While the actual formulas for credit scoring are closely guarded, pressure from Congress forced a release of the 22 criteria for credit scoring to the public. The key to playing the credit scoring game lies in the five key categories that make up the majority of your personal credit score. Credit scoring is one of four criterion typically used by a lender to approve a mortgage loan, but it now makes up approximately 70% of the overall decision. Surprisingly the other three criteria collectively account for approximately 30%. They are: Character (Employment), Collateral (Down Payment), and Capacity (Income).
the Facts – You can learn to play the game of credit if you better understand the criteria for how you are being scored. Remember, anyone offering you credit of any kind has a primary concern that they’ll receive their money back as promised. Your score tells them how risky you are. Before we look at how you are scored, let’s take a look at what doesn’t affect your credit scores. [see Figure 3] TIP – Points awarded in the game of credit are hard to gain, and easy to lose. 2
When thinking about your credit score, consider that there are actually four types of credit scoring: consumer, auto, renter, and FICO. We’ll be focusing on your FICO, as it is use for mortgage and larger credit lending, and tends to be the most accurate and difficult score to manage. Manage your credit to the FICO level, and the other three types of credit scores will benefit as well. Figure 3 What Doesn’t Affect Your Credit Score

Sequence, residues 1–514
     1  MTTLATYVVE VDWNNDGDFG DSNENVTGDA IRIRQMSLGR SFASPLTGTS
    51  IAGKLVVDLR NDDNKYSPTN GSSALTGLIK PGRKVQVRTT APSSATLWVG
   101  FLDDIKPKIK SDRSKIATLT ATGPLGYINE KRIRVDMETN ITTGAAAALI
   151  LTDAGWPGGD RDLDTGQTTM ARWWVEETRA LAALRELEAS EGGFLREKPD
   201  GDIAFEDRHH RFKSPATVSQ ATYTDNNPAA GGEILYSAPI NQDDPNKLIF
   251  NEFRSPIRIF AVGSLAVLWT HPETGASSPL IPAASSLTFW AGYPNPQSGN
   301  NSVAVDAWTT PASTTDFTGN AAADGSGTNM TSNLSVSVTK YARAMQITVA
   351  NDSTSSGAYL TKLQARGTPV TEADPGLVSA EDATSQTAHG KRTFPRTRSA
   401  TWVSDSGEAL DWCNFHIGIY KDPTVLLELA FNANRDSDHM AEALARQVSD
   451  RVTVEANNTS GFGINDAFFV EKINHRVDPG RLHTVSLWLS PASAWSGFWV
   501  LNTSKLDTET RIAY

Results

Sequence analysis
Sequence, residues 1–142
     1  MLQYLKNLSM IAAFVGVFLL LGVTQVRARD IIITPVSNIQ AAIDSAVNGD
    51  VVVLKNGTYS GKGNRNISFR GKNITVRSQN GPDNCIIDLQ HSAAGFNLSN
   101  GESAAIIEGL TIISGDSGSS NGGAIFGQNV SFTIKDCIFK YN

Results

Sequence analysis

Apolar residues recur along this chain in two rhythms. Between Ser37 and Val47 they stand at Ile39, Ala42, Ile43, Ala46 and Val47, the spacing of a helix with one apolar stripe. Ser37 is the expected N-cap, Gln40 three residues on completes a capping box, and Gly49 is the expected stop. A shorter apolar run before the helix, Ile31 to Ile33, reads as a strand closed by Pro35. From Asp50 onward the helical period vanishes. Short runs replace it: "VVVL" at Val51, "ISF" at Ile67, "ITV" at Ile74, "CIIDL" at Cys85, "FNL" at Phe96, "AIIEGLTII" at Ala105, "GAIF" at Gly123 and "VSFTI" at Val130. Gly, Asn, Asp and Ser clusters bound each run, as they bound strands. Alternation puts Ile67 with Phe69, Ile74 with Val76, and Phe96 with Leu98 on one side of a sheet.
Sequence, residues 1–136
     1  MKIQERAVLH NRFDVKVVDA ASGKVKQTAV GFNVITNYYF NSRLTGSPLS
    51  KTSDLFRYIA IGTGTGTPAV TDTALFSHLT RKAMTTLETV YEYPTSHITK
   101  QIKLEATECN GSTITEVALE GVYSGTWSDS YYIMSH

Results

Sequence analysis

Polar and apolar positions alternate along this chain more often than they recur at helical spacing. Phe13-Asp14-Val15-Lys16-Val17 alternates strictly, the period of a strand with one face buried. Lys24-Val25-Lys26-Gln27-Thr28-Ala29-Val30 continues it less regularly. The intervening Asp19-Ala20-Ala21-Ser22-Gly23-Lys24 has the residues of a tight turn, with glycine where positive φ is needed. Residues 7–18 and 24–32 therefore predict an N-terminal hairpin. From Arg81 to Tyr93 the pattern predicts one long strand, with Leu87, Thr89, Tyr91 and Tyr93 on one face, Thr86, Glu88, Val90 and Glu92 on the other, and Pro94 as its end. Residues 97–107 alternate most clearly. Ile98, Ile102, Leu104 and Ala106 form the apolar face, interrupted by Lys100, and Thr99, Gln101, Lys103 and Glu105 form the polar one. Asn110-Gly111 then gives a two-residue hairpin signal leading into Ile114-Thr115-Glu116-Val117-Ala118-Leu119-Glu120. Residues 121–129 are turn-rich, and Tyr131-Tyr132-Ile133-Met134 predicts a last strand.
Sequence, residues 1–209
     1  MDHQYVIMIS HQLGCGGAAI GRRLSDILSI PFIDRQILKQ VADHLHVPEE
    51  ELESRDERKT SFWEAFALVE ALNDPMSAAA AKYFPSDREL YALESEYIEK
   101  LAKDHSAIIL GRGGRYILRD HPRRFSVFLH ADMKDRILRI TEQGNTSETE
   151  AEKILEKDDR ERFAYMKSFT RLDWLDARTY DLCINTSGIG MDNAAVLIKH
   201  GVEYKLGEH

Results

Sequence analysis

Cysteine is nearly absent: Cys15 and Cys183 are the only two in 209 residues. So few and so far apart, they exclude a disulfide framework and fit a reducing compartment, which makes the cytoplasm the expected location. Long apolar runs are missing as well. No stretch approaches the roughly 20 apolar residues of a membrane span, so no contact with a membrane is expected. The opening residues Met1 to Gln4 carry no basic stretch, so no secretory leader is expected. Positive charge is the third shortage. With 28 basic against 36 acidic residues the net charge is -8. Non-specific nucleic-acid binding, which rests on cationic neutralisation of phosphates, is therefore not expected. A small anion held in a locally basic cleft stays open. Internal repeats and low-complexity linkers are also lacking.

TIP – Knowing what doesn’t affect your credit score helps you focus on what does.
There are three different credit bureaus that factor into the creation of your FICO score: Equifax, Experian and TransUnion. Each bureau has its own series of three credit scores that they apply to you. The middle score of the three bureaus will most often be used by the creditor for qualifying their risk (meaning your rate). [see Figure 4] Figure 4 National Credit Bureaus
Figure 5 What Does Affect Your Credit Score
TIP – While there are 22 criteria that determine a credit score, and the formulas for this are a secret, understanding the 5 ‘key’ criteria can help you win the game of credit. www.kendalltodd.com